Thursday, September 29, 2011

Could Paramilitarism turn Mexico into Another Colombia?

The Wall Street Journal looks at the rise of “vigilante justice” in Mexico, following the release of a video over the weekend by a group calling themselves the “Mata Zetas” or “Zeta Killers.” In the video, members of the group present themselves in a highly theatrical manner: masked, gloved and dressed in black, they sit in a line facing the camera, press conference-style, each with a bottle of water carefully placed in front of them.

As noted in Tuesday’s brief, this is not the first public statement from the group, which announced their presence in a video in July, in which they promised to expel the Zetas from Veracruz. There have been other groups who have used the same name in the past, including one apparently operating in Cancun in 2009.

In what appeared to be a carefully prepared statement, the group declare that they are “the armed wing of the people,” describing themselves as a “paramilitary” force which does not extort, kidnap, steal or disturb the nation’s well-being. In a particularly curious twist, the Zeta Killers claim to respect the Mexican authorities and their fight against organized crime.

This it at least partly pure rhetoric on the part of the group, who are thought to be part of the Jalisco Cartel - New Generation, which is associated with the Sinaloa Cartel - long Mexico’s biggest drug trafficking organization. But, for the WSJ, the appearance of the Zeta Killers represents a worrying development in Mexico’s security situation, as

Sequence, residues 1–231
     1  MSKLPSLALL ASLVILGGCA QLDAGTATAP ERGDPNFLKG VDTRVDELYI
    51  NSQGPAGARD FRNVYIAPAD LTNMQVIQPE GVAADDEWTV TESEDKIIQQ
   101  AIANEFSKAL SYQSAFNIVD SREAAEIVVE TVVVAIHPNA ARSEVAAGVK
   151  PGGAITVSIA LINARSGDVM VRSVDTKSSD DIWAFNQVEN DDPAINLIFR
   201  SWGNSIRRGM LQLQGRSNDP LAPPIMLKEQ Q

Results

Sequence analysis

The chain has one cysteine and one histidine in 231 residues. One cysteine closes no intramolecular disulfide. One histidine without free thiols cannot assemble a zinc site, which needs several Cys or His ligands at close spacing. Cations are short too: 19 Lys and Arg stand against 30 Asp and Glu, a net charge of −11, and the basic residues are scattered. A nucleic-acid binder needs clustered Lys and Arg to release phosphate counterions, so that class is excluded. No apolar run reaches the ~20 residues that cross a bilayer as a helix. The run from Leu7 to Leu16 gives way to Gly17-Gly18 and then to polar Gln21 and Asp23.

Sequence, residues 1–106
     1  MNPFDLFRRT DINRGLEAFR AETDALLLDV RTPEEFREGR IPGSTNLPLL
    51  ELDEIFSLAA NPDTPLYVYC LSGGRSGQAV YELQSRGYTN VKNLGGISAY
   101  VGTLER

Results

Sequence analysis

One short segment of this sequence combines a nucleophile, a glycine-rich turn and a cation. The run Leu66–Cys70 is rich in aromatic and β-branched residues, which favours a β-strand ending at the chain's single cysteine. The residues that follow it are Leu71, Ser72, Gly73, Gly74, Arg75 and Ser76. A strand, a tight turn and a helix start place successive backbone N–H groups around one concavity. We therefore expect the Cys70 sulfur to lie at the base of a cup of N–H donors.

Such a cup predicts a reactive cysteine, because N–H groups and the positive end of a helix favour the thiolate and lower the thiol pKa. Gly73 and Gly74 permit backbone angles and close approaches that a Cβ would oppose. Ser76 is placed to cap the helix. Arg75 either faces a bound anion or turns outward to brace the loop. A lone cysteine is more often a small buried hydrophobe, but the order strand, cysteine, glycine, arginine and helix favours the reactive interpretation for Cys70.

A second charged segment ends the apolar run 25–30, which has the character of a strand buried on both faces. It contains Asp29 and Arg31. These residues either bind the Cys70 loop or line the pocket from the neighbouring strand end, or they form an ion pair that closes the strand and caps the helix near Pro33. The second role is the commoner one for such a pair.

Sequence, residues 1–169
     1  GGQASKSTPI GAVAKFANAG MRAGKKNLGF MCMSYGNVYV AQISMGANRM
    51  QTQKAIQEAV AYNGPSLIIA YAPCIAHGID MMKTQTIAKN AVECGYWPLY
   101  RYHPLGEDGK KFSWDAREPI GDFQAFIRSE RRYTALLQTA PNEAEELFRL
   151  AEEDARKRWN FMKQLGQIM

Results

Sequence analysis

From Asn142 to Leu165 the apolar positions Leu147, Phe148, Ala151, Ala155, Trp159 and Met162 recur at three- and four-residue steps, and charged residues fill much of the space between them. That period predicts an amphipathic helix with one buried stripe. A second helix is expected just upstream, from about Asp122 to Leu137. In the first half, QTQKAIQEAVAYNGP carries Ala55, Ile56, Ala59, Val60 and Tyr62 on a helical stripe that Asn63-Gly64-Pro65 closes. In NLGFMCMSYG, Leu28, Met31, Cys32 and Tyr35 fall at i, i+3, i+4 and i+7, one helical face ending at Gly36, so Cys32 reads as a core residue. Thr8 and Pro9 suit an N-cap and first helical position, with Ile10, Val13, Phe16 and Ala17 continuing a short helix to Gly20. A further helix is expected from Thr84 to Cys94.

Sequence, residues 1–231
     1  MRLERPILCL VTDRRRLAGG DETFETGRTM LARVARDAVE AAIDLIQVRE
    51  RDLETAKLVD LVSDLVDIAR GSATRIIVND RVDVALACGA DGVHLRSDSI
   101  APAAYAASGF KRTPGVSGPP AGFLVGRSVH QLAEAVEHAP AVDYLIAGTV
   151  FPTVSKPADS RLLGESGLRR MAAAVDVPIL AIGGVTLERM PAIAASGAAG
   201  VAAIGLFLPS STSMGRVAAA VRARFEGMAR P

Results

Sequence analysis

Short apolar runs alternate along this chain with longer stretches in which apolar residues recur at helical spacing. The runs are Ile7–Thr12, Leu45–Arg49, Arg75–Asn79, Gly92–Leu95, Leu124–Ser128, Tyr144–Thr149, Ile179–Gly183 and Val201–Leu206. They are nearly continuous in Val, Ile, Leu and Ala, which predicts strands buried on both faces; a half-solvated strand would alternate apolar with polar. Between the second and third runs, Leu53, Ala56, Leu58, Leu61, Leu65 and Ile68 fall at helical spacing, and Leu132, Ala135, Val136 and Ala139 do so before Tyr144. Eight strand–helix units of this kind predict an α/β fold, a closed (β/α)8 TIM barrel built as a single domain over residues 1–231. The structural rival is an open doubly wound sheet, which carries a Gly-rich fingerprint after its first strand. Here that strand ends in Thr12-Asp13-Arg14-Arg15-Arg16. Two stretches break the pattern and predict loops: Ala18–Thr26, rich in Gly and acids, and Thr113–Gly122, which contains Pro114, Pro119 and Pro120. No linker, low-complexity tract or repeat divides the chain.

The rise of any paramilitary gangs could propel Mexico into an even more violent stage of a drug war.
The WSJ draws parallels with the rise of paramilitarism in Colombia, where the AUC army grew out of local self-protection groups that were set up to protect civilians against leftist guerrillas. The AUC declared itself to be a force on the side of law and order, but ended up being responsible for some of the worst abuses of the recent decades of the conflict, with a big role in trafficking drugs out of the country.

Despite the alarming appearance of the Zeta Killers, who were likely responsible for a massacre of 35 alleged Zetas members whose bodies were left on a Veracruz street last week, the Mexican conflict does not seem likely to morph into anything resembling that of Colombia in the heyday of the paramilitaries. The situation is far less politically polarized, and the self-proclaimed paramilitary force are presumably motivated as much by a wish to push the aggressive Zetas gang out of their territory as by any real disgust at the Zetas’ unpatriotic activities.

However, the WSJ is right to raise concerns about the phenomenon of groups taking the law into their own hands in Mexico. In the face of raging violence from gangs who seem able to act with impunity, some communities are forming vigilante groups to protect themselves. One well-known example is the town of Cheran, in southern Mexico, where indigenous peoples formed a militia to patrol the town, repelling both the security forces and the Familia Michoacana drug gang.